In a 2012-2013 study of Kindergarten children from an urban school who participated in an after-school program, pre-test Kindergarten children in the treatment group scored between 1.5 and 3.2 on the SSS. Kindergarten children in the control group scored between 5.86 and 6.71 on the SSS.
In the same 2012-2013 study, a regression discontinuity design was used. The treatment group contained students with DIBELS composite score for Kindergarten of 13 or lower. The control group contained students DIBELS composite score for kindergarten of 14 or higher. After 15 weeks of using See Word Reading, Kindergarten children in the treatment group scored between 7.4 and 9 on the SSS and children in the control group scored between 8.71 and 9.
In a 2011-2012 study of Kindergarten and first grade children from urban schools who participated in an after school program, mean gain scores were compared for the first ten weeks of children participating in See Word Reading (treatment) versus children participating in educational applications on the iPad (control).
Improving Word Identification, Spelling & Writing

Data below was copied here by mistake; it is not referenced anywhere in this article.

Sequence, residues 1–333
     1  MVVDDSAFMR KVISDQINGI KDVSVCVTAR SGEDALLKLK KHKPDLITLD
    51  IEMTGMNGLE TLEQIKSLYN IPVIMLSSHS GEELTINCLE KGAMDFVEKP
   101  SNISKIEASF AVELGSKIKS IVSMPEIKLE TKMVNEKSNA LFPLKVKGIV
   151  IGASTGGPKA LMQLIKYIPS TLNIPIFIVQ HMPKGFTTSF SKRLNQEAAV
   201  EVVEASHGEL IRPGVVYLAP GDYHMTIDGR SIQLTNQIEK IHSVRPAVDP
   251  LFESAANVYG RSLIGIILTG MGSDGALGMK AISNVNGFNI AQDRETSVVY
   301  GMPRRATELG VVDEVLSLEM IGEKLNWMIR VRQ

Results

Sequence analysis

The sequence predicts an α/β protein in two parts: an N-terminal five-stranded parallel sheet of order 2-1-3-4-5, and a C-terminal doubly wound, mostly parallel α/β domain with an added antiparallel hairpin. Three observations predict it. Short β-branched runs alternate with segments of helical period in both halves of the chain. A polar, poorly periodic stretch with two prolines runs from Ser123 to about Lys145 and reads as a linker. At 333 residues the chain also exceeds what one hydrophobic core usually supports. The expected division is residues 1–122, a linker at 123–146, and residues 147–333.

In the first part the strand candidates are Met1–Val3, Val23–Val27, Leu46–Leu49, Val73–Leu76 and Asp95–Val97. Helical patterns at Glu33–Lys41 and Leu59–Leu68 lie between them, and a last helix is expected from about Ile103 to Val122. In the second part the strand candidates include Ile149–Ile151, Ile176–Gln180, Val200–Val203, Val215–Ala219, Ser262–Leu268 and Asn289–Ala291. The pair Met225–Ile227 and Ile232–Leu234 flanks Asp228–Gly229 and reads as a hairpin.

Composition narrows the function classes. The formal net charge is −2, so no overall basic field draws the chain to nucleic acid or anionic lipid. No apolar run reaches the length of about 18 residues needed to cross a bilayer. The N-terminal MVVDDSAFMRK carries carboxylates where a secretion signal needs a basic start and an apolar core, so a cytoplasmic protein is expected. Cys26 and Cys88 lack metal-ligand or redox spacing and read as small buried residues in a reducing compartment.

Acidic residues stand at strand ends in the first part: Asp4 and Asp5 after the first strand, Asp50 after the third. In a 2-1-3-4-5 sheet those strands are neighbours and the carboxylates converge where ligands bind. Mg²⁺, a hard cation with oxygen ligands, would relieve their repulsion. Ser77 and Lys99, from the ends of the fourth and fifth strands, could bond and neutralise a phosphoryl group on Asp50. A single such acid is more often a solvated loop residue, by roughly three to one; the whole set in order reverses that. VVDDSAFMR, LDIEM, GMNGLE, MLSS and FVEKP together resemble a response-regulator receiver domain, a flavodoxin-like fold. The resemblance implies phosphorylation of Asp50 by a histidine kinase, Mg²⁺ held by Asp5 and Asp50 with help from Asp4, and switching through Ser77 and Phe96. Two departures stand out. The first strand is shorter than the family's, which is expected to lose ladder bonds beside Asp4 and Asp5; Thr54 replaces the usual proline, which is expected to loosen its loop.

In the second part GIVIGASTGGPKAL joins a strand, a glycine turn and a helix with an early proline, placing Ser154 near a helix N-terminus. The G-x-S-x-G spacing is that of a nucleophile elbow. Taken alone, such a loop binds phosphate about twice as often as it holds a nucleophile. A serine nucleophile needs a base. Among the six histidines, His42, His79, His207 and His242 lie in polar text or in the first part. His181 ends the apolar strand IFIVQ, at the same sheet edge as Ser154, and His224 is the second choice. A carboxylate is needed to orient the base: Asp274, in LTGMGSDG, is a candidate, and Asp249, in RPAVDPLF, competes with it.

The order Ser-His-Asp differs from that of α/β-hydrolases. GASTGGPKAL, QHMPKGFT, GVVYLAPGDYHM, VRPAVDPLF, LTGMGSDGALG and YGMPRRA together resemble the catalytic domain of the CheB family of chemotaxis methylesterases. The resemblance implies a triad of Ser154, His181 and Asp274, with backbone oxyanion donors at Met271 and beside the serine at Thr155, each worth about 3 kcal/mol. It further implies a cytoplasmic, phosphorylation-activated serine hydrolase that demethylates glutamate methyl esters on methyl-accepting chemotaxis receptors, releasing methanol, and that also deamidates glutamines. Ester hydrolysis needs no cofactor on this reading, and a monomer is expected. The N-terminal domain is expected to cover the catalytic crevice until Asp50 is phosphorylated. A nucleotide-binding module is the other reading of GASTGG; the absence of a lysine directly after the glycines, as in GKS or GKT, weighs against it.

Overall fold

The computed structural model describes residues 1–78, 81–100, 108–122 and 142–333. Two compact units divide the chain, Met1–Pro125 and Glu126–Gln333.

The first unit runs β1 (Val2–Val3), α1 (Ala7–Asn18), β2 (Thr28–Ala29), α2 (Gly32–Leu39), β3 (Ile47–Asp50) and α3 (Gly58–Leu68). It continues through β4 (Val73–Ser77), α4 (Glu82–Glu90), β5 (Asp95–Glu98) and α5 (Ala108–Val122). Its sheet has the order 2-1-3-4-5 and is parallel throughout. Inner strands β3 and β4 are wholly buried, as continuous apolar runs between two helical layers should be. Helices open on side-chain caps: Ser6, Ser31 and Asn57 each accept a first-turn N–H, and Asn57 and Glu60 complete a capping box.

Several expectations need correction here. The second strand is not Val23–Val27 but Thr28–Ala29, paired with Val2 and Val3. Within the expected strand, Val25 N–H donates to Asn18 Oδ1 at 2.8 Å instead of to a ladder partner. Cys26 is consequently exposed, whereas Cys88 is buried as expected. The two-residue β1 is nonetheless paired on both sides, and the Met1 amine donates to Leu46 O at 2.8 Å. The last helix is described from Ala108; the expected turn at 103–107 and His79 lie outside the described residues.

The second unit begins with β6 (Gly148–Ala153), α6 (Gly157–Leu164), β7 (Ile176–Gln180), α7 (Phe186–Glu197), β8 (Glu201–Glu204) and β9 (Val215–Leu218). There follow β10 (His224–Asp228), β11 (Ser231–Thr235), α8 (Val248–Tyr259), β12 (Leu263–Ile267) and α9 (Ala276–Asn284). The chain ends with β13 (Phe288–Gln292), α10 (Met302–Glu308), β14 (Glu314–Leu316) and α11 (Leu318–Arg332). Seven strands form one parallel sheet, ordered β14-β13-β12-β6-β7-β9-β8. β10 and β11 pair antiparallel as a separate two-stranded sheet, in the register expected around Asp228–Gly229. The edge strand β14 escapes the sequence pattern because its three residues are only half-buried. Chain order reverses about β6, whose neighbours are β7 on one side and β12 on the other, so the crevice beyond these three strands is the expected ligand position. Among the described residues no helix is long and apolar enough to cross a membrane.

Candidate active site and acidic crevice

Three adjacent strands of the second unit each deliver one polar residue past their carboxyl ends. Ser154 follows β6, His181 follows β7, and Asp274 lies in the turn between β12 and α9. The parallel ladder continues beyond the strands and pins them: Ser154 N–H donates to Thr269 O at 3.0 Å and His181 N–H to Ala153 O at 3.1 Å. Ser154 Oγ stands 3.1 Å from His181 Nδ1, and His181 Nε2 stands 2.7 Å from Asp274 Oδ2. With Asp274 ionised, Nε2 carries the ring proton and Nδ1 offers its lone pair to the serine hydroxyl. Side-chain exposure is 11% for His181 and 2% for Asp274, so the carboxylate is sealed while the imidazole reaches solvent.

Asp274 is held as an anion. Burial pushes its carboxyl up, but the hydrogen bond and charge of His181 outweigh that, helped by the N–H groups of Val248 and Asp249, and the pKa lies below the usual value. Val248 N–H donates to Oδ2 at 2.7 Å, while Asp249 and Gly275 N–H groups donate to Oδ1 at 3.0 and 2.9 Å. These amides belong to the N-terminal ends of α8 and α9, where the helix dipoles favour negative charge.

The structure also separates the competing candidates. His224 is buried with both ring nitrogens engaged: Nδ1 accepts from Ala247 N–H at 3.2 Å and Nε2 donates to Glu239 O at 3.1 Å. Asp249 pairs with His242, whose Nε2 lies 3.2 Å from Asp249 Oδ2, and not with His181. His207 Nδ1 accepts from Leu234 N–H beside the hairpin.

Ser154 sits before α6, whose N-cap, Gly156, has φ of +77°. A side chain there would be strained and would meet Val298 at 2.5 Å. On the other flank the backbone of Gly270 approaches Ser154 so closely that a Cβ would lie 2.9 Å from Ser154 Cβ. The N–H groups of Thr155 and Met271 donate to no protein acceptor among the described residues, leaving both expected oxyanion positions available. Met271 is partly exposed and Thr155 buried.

In the same 2011-2012 study, a repeated measures crossover design was used contrasting the training and a control condition. Matched pairs and on letter-sound knowledge were randomly assigned to treatment or control condition. Two of three phonological awareness measures (production of accurate words given a beginning letter sound and a standardized composite of phonological awareness) were increased.
Increases in Fluency
In the same 2011–2012 study, each condition comprised twenty, 30-minute lessons given 2–3 times per week for a total of 20 sessions. Results revealed larger mean gain scores for children in See Word Reading compared to children in the control condition.
In a 2013 study with bilingual kindergarten children with Chinese language backgrounds, children taught with this approach at the letter-, word- and text-levels made greater gains in decoding on average, and more of these children showed greater improvement in spelling than the control group. Mixed model analysis was run on post-test measures of decoding, word reading and spelling, with a fixed variable of experimental condition (reading vs. math instruction), a random variable of participants nested within treatment groups, and with pretest scores, cognitive ability and phonological awareness co-varied. The effect of the experimental condition was significant for decoding, F(1,12) = 5.73, p = .03, with the reading group performing better than the control at post-test.